DOH COLLIER ADDRESSES COUNTY HEALTH RANKINGS
March 29, 2017
Naples, Fla. — The Florida Department of Health in Collier County (DOH-Collier) recognizes the value in measuring health outcomes and today acknowledged the 2017 County Health Rankings & Roadmaps tool released by the University of Wisconsin and the Robert Wood Johnson Foundation. This study highlights the many community factors that influence health and uses established data, much of which is available from the department at www.FLHealthCHARTS.com. Collier County is proud to rank as the 2nd healthiest county in Florida for the 4th year in a row.
“It is no surprise that Collier remains one of the healthiest counties to live in Florida. We enjoy great weather year-round, have access to beautiful beaches and parks, have a robust healthcare system, opportunities to participate in community-wide health initiatives, enjoy low crime rates, and our children attend a healthy school system,” says Stephanie Vick, Administrator of the Florida Department of Health in Collier County. “We will continue to work collaboratively throughout our community to assure that Collier County is the healthiest place to live, work, and play.”
These rankings are a snapshot of the health of counties across the country and they emphasize that health is not a singular effort but a combined work in progress across all community partners. The department works in collaboration with local governments, non-profit organizations, health care facilities, business groups, schools, faith-based organizations and many other stakeholders to improve the health of all people in Collier County. These rankings use data related to physical environments, social and economic factors, health behaviors and clinical care. The rankings can be viewed at www.CountyHealthRankings.org.
In Collier County, the Community Health Improvement Plan (CHIP) is designed to address specific opportunities for improved health that have been identified by the community. The department has partnered with many stakeholders to implement the CHIP and collaborates regularly to track progress.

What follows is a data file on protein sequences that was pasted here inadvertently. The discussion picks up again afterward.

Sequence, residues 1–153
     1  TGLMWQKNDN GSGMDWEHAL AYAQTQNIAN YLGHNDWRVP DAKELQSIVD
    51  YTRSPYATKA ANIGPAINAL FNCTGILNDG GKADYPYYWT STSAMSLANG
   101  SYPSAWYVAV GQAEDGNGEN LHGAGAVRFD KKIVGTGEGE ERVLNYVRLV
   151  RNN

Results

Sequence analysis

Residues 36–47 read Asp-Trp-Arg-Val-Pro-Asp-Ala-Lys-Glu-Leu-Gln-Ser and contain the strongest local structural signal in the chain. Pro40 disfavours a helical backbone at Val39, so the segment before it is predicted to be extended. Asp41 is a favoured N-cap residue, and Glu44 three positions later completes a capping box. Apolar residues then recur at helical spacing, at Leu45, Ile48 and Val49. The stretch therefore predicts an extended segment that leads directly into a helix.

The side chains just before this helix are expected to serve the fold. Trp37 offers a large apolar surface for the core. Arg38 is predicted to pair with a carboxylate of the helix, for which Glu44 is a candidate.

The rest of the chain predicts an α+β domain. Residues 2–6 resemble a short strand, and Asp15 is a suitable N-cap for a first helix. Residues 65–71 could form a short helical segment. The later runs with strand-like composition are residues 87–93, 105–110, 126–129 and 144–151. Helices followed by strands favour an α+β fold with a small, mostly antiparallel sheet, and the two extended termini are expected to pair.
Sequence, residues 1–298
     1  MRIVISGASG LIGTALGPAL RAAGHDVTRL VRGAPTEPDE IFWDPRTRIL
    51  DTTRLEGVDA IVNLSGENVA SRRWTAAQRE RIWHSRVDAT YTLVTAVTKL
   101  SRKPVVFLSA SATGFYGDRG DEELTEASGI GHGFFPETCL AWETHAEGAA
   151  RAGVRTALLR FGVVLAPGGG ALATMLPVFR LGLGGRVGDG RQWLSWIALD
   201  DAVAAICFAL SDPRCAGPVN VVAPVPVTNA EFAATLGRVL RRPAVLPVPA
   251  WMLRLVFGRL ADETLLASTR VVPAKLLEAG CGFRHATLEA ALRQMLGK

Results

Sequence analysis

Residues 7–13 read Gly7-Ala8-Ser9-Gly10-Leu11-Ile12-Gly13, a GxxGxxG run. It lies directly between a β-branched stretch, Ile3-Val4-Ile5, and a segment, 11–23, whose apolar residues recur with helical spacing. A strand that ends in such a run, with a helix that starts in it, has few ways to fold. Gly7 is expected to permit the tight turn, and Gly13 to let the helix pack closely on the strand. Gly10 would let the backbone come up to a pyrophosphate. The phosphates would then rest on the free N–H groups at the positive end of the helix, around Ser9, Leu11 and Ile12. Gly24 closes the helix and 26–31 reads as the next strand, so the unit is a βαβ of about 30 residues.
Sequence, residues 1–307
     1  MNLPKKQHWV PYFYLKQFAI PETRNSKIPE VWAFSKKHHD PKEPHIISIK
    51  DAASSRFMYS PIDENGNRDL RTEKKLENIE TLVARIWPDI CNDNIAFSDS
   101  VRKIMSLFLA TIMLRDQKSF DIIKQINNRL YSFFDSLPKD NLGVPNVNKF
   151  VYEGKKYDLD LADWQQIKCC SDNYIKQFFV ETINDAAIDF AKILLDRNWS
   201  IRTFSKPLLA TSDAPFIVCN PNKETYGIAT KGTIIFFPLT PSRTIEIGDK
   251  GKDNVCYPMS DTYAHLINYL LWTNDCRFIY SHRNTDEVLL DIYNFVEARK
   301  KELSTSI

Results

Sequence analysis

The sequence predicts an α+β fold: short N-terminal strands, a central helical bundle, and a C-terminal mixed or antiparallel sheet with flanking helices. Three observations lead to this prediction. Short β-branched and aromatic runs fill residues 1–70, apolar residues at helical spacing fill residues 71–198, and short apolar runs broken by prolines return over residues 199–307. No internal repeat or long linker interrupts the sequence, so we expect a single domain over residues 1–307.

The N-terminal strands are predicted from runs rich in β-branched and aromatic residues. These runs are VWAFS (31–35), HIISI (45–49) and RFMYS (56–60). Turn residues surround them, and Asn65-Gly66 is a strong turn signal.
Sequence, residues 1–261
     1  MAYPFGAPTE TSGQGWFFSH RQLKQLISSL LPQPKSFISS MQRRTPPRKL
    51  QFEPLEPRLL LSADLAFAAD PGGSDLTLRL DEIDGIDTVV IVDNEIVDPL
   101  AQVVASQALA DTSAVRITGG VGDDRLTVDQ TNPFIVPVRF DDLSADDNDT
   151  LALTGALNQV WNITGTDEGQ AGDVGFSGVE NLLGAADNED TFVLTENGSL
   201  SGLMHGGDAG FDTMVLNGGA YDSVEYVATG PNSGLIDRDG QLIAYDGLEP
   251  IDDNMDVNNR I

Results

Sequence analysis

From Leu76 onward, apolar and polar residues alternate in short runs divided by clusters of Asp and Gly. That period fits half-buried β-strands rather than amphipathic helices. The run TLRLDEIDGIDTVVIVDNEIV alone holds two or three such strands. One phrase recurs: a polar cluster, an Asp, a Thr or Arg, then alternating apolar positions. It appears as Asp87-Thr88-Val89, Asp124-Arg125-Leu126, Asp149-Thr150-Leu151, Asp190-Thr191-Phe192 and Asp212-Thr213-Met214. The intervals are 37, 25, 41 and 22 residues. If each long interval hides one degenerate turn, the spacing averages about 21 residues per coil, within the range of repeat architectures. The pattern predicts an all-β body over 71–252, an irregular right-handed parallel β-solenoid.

The Collier County Leadership for Community Health Improvement Planning committee is comprised of several community partners, including those from the Collier County Public Schools, Collier County Medical Society, Chamber of Commerce, NCH Safe and Healthy Children’s Coalition, and local healthcare systems and agencies. Last year, the committee focused on reducing obesity and will continue to do so this year again.
In efforts to reduce obesity in Collier County, “Kids on the Go” was developed in conjunction with the Safe and Healthy Children’s Coalition and Collier County Public Schools to encourage children to exercise and adhere to a healthier lifestyle. Children run 26.2 miles in a 10 to 12 week period. 5,760 children have participated since the program’s 2012 inception. During the course of the program, students build endurance, increase self-confidence, and embrace the healthy lifestyle principles. Staff at participating schools report the program also has a positive impact on behavior and attention.
Beginning in 2017, in addition to reducing obesity, the committee has added behavioral health as a second area of focus. This addition came after reviewing the results of the latest Collier County Community Health Assessment. In doing so, the David Lawrence Center has joined the Leadership for Community Health Improvement Planning committee. Furthering outreach within the community is demonstrative of DOH-Collier’s commitment to the overall well-being of its residents.
“Collier County enjoys the longest life expectancy in America whereas the rest of the nation’s life expectancy has decreased. We also are the healthiest and happiest metropolitan statistical area according to the Gallop Healthways Well-Being Index. All of these facts reflect a community where everyone is encouraged to live a longer, happier, and healthier life,” according to Dr. Allen Weiss, President and CEO of the NCH Healthcare System.
Last week the Florida Department of Health celebrated a one year milestone as the first integrated department of health in the nation to achieve national accreditation through the Public Health Accreditation Board. Public health departments play a critical role in protecting and improving the health of people and communities. The seal of accreditation signifies that the Florida Department of Health has been rigorously examined and meets or exceeds national standards that promote continuous quality improvement for public health.
About the Florida Department of Health
The department, nationally accredited by the Public Health Accreditation Board, works to protect, promote and improve the health of all people in Florida through integrated state, county and community efforts.